The statement, released today at the council’s winter meeting in Atlanta, acknowledges “an ugly history of racism in our own movement” and adds:

“Yet at the same time the labor movement has a proud history of standing for racial and economic justice. When we have embraced our better selves we have always emerged stronger in every sense. And whenever we have succumbed to the temptation to see some working people as better than others, we have always ended up weaker.”

Pointing to today’s dramatically increasing economic inequality, decreasing union density and growing instability for the majority of Americans, the council says, “The need for all workers to strengthen common interests in achieving economic justice is clear.”

“At the same time our different experiences organized around race, gender identity, ethnicity, disability and sexual orientation often challenge and complicate this shared experience. If we are to succeed as a movement, the full range of working peoples’ voices must be heard in the internal processes of our movement. To be able to stand together we have to understand where all of us are coming from.”

The council points to the unemployment rate for African Americans—10.3%, more than twice as high as that for whites—the criminal justice system and educational inequities that are large parts of a “world divided in many ways by color lines.”

“At the same time working people share a common experience of falling wages and rising economic insecurity. To build a different, better economy we need power that can only come from unity and unity has to begin with having all our voices be heard, on all sides of those color lines. We have to start by acknowledging our own shortcomings and honestly addressing issues that are faced by the communities in which our members live—both the problems and the solutions. We have to find a way to see with each other’s eyes and address the facts and realities.”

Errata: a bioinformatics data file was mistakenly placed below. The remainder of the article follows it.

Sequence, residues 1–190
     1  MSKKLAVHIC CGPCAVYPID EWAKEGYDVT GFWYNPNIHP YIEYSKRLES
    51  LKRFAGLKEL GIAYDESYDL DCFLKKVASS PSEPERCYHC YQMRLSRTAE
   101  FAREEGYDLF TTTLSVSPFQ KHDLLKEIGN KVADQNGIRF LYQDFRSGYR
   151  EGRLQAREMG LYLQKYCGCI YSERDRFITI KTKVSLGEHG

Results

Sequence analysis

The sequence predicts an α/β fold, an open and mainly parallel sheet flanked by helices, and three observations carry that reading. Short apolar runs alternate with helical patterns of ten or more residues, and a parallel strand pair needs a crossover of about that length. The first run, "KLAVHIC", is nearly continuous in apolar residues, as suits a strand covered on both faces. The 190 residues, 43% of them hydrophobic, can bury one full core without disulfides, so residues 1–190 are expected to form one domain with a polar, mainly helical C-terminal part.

The Labor Commission on Racial and Economic Justice will:

  • Facilitate a broad conversation with local labor leaders around racial and economic disparities and institutional biases, and identify ways to become more inclusive as the new entrants to the labor force diversify;
  • Engage in six to eight labor discussions around the country, with local labor leaders, constituency groups and young workers addressing racial and economic issues impacting the labor movement and offering recommendations for change; and
  • Attempt to create a safe, structured and constructive opportunity for local union leaders to discuss issues pertaining to the persistence of racial injustice today in the workforce and in their communities, and to ensure that the voices of all working people in the labor movement are heard.

This blog originally appeared in aflcio.org on February 25, 2015. Reprinted with permission.

About the Author: Mike Hall is a former West Virginia newspaper reporter, staff writer for the United Mine Workers Journal and managing editor of the Seafarers Log.  He came to the AFL- CIO in 1989 and has written for several federation publications, focusing on legislation and politics, especially grassroots mobilization and workplace safety.